Islam is the official state religion and Muslims are subject to a mix of Syariah and civil laws. Non-Muslims who make up about 40 percent of the population of 26 million are governed solely by civil law on all matters.

Blow to moderate Islam

In was under this complex background and rising inter-ethnic tensions that the conference was cancelled. Instead of lowering tension, a furious round of criticism has begun against Malaysia in the local and international media and on the Internet.

Under intense pressure, Abdullah backtracked but rejected speculation that the government had opposed the meeting because of religious sensitivities. He said the conference was only "postponed not cancelled".

While he suggested holding the conference in Malaysia at a later date, organisers are already looking for an alternative host.

The cancellation is a blow to Abdullah's own moderate brand of Islamic thought called Islam Hadhari or ‘civilisational Islam’ that he proclaimed in 2003 to keep the lid on rising orthodoxy which is feared is gaining ground within the Muslim majority.

Initially, a year ago, when organisers approached him, he was enthusiastic and saw it as the perfect platform to promote his Islam Hadhari, officials said. But events over the year have changed the Malay-Muslim perception of Christianity, of interfaith dialogue and of religious tolerance.

Civil society leaders, including moderate Muslims who had looked to Abdullah to show the way, now worry whether the divided between Muslim and others is now beyond repair.

Prominent Malaysian Christian pastor Hermen Shastri said: "We need to pursue interfaith dialogue to foster and build mutual respect and understanding between the world's religions."

Sisters in Islam, a Muslim feminist group, said it was time the government showed political will and uphold and safeguard the fundamental liberties of its citizens, including the freedom of religion as envisaged by the Quran, and as reflected in the Federal Constitution and Article 18 of the Universal Declaration of Human Rights.

"The search for solutions to these challenges (religious divide) cannot be conducted in ways that violate the legitimate rights of all Malaysians," said Sisters in Islam.

"We also call on fellow Muslims to display the beauty, compassion, peace and wisdom of God's message for it is a disservice to Islam that we merely stand by and watch the agony of families torn apart."- IPS

From Malaysiakini

11 comments:

yoy said...

Education in Bolehland is a big joke. It is systematically being damaged, degraded, destroyed and impaired by the BN government ever since after Tunku. Why? So that the BN leaders kids can be comparatively better than common plebeians.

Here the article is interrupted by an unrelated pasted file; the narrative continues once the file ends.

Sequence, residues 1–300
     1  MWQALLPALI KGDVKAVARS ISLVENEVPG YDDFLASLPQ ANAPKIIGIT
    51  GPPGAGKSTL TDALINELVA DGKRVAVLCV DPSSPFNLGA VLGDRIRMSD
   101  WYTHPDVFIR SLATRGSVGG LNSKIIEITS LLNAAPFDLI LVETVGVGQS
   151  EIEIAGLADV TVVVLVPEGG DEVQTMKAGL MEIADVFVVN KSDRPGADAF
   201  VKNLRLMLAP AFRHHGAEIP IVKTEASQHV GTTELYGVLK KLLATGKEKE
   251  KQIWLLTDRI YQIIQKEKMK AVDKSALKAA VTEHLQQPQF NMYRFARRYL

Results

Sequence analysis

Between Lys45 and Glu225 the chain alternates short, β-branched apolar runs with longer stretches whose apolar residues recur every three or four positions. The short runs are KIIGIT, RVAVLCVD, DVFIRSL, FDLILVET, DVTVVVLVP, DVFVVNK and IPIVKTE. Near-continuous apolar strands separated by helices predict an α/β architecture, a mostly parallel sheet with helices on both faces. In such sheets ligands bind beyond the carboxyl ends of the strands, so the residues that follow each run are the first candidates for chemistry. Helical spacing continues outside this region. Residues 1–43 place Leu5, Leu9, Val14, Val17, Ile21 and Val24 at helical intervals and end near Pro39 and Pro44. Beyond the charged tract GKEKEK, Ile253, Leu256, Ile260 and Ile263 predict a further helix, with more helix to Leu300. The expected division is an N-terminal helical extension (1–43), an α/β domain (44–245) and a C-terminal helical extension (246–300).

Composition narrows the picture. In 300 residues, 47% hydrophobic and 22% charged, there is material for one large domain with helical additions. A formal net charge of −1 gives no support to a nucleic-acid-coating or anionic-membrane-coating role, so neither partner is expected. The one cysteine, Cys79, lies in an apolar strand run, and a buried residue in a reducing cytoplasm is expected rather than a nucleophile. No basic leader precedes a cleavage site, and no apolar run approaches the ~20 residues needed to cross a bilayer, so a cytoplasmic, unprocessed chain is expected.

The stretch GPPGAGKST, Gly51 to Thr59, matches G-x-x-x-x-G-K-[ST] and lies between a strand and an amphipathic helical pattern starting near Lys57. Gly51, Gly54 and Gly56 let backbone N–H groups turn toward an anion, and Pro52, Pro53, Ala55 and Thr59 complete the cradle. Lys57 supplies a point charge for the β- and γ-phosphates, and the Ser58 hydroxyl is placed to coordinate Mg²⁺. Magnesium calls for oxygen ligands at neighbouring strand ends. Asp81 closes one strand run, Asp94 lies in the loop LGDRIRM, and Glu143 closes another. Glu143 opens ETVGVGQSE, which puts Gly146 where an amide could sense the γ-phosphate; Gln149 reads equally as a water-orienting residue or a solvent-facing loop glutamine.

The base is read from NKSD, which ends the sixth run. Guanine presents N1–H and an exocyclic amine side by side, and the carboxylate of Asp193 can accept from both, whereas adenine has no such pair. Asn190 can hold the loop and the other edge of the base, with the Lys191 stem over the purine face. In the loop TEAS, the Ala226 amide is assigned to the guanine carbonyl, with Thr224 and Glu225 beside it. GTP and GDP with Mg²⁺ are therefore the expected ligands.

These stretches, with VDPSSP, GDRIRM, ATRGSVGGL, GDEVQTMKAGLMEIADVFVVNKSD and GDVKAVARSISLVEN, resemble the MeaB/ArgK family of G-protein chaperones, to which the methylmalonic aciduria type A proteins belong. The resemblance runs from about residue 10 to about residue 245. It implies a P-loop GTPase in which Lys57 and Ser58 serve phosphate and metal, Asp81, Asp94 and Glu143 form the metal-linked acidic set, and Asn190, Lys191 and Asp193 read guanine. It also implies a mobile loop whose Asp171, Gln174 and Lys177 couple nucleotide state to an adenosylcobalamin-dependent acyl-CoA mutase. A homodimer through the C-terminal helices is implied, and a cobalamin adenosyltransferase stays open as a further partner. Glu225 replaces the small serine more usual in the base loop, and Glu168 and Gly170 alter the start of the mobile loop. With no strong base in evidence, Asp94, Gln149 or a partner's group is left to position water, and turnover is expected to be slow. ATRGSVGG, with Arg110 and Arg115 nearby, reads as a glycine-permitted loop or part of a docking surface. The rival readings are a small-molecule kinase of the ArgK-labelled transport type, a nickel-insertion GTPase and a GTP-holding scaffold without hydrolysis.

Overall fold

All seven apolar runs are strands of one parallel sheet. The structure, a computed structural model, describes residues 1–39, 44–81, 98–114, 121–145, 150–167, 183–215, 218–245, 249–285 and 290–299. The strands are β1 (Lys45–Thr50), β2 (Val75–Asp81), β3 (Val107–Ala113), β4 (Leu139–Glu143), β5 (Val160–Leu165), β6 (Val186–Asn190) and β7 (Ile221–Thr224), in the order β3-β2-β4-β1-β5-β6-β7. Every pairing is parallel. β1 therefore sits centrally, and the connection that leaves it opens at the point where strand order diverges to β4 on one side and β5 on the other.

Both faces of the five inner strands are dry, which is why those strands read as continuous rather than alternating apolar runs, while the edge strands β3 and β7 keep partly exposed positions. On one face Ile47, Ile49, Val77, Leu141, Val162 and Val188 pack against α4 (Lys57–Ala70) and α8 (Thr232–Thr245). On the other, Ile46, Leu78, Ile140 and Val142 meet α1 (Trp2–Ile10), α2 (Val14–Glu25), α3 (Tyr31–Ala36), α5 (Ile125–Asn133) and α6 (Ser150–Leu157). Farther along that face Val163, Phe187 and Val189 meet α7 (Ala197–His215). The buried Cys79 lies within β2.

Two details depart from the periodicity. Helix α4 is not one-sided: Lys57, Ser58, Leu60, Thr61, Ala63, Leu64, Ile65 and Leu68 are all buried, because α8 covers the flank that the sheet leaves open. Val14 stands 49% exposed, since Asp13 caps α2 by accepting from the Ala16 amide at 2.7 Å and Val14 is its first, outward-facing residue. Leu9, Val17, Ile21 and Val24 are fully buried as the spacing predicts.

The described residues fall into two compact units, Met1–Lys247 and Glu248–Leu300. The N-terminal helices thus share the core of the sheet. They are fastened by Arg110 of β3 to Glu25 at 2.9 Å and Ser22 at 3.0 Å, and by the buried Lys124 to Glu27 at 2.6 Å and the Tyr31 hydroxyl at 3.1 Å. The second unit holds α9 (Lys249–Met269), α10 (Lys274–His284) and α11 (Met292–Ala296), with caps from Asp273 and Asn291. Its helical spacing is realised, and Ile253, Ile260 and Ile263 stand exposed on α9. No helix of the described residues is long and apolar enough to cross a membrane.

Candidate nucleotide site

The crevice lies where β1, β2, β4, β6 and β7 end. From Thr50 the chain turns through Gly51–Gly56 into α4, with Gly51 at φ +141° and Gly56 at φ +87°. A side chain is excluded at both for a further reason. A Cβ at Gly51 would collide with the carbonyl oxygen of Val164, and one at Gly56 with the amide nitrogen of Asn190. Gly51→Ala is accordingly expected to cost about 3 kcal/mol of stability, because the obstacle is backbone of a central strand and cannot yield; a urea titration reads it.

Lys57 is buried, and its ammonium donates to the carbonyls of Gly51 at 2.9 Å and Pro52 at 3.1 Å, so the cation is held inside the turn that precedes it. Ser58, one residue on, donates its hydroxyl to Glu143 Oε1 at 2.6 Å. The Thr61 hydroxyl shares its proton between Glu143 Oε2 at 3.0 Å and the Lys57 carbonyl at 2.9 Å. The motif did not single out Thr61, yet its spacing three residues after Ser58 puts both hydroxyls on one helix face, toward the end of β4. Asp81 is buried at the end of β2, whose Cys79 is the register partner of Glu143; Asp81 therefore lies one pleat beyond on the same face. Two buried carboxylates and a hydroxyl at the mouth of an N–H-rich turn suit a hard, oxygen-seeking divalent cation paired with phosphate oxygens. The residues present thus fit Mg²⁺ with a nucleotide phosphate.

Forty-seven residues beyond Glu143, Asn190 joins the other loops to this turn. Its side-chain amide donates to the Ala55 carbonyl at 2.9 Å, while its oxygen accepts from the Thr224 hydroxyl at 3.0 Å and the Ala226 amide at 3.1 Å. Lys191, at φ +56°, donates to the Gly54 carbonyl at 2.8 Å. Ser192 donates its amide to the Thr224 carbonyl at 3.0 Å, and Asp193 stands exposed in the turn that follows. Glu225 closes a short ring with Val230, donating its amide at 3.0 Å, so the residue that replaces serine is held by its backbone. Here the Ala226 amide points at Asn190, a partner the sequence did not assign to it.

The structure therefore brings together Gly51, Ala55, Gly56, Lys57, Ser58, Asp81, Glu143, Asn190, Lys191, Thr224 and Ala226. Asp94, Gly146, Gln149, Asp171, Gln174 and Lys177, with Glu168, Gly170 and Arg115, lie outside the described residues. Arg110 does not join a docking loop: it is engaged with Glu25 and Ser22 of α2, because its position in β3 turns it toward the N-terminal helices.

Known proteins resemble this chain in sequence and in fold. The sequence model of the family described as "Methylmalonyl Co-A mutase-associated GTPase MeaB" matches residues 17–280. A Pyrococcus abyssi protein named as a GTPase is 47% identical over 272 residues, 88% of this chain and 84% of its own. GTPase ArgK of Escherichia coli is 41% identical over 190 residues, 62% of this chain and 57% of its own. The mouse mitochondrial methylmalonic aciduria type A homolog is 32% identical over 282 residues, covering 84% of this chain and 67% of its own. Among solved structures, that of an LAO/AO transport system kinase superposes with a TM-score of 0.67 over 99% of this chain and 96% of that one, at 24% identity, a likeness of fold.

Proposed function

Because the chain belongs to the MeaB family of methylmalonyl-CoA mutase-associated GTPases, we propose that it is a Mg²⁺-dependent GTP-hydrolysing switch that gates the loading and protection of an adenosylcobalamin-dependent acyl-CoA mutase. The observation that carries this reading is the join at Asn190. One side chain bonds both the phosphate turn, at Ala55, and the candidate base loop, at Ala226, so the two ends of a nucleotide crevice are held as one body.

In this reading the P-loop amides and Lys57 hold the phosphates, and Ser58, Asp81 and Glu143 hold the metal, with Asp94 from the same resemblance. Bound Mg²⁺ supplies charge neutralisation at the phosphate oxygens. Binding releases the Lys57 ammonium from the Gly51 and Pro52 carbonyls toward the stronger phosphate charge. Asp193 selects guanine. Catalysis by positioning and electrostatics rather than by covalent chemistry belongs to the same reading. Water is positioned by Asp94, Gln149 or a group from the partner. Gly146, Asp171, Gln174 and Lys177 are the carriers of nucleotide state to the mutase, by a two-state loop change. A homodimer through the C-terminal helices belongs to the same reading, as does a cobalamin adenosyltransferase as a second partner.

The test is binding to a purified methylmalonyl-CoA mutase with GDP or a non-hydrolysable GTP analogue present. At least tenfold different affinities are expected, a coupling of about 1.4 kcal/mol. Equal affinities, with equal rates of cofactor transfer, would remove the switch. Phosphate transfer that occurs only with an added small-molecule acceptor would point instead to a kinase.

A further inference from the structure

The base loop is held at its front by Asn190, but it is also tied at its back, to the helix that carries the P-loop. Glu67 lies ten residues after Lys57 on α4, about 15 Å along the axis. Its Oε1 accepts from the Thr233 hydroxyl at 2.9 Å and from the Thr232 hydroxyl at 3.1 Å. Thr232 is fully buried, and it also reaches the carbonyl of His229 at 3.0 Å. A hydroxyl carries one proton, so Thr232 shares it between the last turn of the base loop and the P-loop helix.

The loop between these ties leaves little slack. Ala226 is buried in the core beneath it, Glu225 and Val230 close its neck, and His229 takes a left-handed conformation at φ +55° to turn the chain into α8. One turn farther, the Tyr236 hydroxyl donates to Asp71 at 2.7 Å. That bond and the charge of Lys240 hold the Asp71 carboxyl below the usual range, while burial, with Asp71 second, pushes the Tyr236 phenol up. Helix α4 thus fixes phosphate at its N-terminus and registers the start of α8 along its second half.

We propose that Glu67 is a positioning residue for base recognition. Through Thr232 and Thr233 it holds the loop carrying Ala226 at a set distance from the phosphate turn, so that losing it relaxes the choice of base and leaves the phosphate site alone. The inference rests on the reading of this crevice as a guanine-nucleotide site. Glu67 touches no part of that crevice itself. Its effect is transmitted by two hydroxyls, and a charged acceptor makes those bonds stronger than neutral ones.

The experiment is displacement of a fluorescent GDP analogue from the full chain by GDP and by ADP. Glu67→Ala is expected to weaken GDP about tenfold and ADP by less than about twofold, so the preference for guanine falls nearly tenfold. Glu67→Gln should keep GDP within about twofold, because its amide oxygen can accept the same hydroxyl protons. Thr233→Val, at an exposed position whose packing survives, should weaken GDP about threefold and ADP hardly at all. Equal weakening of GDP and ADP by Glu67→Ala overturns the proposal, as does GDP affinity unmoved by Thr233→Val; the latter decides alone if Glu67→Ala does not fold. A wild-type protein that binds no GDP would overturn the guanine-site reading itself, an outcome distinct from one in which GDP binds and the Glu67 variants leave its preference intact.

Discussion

Why do you think they send their kids to overseas or private schools at a young age! They have no intention of sharing the rubbish education here period. Badawi like the big fool that he is blindly following it but christened it as his way. What joke!

honyang said...

The non-malays have heard this one before - If you think that Malaysia not good, please go out this country.

Umno has been brought up to think they are the prince of the land.

Every time they get cornered, Umno will tell the other race to go out where they belong. I think Umno must change their thinking or they will pull down the country to the middle age.

So far there is no Umno leader that can lead them to be modern 21st century citizens.

Rather Umno is anti this or anti that. There is no forward looking and thinking to break free perspective.

Malaysia developed nation on year 2020?

The problem with Malaysia ministers is that they are mostly underachievers academically!

That is the reason why they simply speak without logic and reasons. This is also the very reason that I admire Lim Kit Siang, Karpal Singh etc, who can debate intelligently with those monkeys who never bother to understand what is uttered.

Just compare the resume of Malaysia ministers with that from our southern neighbour! Then you will understand.

I know their prime minister has a first class honors in science from Cambridge if I am not mistaken. The rest of his cabinets are very highly qualified. Hence you don't hear nonsense from them.

For your information, some Malaysia ministers would not be at all qualified for even an assistant post!

Our country leaders, not necessary meaning the prime minister, but overall people in power, people of authority etc, have no self respect, no moral, no integrity, and most of no responsibility and accountability.

Let us not compare with other countries, as no countries have perfect leaders, but what they have is integrity.

When they do something wrong and they know it is wrong, nobody need to tell them to resign, they won't say our Malaysia usual line, "Nobody can resign me except the prime minister" - we should call this the ball-less line.

If you have integrity and honest enough, you should just resign.

This is why Malaysia is moving backward. With this kind of ministers who are not willing to tackle the root of the issue, but instead blaming others for exposing bad news and sweeping things under the carpet - what hope can you foresee for Malaysia in the future!

Perhaps we should have "Look Africa" policy, rather than "Look East" policy - since a lot of things are similar between Malaysia and African countries except oil.

Singapore has shown us that if the government plan properly and harness all the human talents and resources, a small country without much natural resources can be better than a big country with lots of natural resources.

We all started equal, RM1 = S$1, but see what happen now.